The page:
AS FOR PARKING: Truth is that on any given day, except for special circumstances like St. Patrick's Day or Fourth of July fireworks, there is PLENTY of parking to be found within the historic district -- SOME OF IT FREE! The problem is, everybody wants to park right in front (or within a couple of blocks) of wherever they are going. In a neighborhood as beautiful and easily walkable as downtown Savannah, I have no problem parking several blocks away from my destination -- if that's what it takes. Generally speaking, there is ALWAYS plenty of on-street parking south of Liberty Street -- ALWAYS -- even on weekends! And of course, you never have to feed the meters outside of 8 am to 5 pm Monday-Friday. When you do need and/or desire to park closer in, the city garages are seldom full -- especially the two next to the county courthouse on Montgomery Street. And they cost a reasonable $3 flat rate on the weekends.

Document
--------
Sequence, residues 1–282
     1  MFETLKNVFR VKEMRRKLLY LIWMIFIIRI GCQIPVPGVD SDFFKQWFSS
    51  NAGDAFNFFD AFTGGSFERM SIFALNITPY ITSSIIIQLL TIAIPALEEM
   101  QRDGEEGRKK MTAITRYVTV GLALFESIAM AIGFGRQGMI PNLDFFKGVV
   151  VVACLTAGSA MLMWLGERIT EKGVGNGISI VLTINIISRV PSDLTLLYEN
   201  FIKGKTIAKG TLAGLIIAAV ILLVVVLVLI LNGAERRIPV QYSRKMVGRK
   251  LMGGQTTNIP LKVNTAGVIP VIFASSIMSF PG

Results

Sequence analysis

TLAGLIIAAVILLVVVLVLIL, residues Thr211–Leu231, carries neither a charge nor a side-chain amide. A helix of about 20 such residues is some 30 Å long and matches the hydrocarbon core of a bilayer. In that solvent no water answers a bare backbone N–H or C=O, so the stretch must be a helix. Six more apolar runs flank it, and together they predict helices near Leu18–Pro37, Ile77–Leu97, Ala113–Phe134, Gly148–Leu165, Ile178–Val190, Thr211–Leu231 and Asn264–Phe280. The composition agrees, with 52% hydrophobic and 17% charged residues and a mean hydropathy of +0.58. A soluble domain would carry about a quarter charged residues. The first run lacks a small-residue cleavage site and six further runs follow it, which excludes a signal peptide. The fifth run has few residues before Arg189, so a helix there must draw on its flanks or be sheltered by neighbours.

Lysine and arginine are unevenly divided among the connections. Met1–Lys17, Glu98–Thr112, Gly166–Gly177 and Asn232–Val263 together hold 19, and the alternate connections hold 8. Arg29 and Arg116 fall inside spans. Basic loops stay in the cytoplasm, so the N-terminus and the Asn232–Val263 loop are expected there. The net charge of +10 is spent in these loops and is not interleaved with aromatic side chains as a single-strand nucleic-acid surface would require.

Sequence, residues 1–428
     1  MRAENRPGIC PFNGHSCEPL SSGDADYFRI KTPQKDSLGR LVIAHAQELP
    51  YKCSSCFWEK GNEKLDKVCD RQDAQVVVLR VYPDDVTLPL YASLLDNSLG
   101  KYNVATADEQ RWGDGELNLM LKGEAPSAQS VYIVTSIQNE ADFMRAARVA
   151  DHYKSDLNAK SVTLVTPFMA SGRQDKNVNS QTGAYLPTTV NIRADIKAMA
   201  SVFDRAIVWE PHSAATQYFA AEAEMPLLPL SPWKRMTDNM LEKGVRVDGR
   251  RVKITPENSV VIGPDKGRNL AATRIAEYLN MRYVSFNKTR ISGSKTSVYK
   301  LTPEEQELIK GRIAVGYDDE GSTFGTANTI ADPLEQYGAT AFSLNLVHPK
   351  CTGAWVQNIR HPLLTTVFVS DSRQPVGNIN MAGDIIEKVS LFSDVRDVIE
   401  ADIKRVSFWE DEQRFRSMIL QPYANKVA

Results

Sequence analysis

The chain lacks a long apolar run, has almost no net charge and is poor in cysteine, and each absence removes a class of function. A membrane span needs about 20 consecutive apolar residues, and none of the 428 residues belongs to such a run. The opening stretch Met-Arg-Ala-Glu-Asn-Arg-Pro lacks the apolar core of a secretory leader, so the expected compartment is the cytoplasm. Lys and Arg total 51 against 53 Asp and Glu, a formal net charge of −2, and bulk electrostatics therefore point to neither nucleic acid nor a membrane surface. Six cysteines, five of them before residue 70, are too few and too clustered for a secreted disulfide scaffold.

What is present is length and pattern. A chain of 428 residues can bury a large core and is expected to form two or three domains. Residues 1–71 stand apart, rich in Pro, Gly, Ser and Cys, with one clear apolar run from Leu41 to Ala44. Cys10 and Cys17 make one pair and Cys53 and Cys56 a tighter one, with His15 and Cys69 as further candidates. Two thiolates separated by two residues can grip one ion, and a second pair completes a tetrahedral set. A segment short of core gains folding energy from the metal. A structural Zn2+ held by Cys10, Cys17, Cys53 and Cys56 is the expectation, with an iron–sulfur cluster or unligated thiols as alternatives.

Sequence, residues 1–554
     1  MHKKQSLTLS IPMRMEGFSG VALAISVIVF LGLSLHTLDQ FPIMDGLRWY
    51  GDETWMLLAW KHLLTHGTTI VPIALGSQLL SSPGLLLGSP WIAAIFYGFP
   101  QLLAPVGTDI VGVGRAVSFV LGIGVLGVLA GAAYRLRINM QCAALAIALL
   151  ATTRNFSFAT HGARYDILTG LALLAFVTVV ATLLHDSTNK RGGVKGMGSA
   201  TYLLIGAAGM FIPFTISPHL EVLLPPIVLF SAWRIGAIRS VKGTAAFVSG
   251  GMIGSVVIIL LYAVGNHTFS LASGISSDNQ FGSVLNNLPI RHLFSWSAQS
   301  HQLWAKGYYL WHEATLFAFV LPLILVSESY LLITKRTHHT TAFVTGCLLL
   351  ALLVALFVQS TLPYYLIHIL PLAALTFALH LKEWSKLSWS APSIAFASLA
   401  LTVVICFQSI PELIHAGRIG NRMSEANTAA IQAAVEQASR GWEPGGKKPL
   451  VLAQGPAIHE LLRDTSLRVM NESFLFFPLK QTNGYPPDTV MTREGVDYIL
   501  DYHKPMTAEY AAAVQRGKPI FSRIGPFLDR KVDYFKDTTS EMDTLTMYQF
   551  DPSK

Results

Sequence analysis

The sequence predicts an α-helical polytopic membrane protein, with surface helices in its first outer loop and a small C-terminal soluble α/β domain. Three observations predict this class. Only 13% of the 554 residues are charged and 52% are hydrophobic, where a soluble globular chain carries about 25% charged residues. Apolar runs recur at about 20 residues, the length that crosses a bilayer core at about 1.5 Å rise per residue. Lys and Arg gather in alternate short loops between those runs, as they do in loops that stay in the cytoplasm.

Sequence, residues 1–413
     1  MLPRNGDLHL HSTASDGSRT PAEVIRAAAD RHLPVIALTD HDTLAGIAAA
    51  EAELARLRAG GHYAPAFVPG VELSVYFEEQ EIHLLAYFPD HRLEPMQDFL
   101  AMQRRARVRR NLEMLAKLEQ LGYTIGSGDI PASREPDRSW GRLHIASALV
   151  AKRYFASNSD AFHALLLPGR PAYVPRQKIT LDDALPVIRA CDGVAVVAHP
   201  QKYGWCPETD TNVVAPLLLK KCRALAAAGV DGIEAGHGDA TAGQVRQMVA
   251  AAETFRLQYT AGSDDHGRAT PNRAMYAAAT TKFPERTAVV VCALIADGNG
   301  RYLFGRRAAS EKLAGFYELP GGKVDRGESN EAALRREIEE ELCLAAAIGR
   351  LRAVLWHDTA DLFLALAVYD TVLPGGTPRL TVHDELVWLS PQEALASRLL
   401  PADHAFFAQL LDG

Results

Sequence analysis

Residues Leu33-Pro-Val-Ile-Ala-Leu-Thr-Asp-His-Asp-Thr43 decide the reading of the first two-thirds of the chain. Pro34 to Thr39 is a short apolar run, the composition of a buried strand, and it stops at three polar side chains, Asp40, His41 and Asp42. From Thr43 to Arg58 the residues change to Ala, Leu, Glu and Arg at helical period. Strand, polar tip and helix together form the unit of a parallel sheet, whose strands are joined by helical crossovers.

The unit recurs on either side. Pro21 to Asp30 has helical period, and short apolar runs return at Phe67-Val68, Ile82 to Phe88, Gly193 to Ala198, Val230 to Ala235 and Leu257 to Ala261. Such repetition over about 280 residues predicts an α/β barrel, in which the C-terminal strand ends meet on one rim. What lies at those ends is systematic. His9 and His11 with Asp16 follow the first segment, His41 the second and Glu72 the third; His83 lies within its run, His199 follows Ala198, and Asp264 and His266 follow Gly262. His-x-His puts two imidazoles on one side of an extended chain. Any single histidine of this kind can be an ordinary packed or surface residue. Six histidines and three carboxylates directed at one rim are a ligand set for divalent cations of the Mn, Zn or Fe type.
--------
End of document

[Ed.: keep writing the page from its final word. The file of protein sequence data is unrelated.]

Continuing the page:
As a rule, I don't waste time trying to park anywhere near Bay Street or City Market no matter the day or hour.. Occasionally, in a fit of desperation or for convenience sake, I'll pay the premium rate to park in the Whitaker Street / City Market underground garage ($10-$15 flat rate depending on the event). But It's surprising how many spaces you find as close as Oglethorpe Avenue sometimes.

To me, people who continual complain about lack of parking in downtown Savannah just don't know where to look, or are plain lazy.
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Old 06-29-2012, 08:14 PM
 
Location: Deep South!
54 posts, read 166,427 times
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VIDEO: Hitch Village being transformed into East Savannah Gateway | savannahnow.com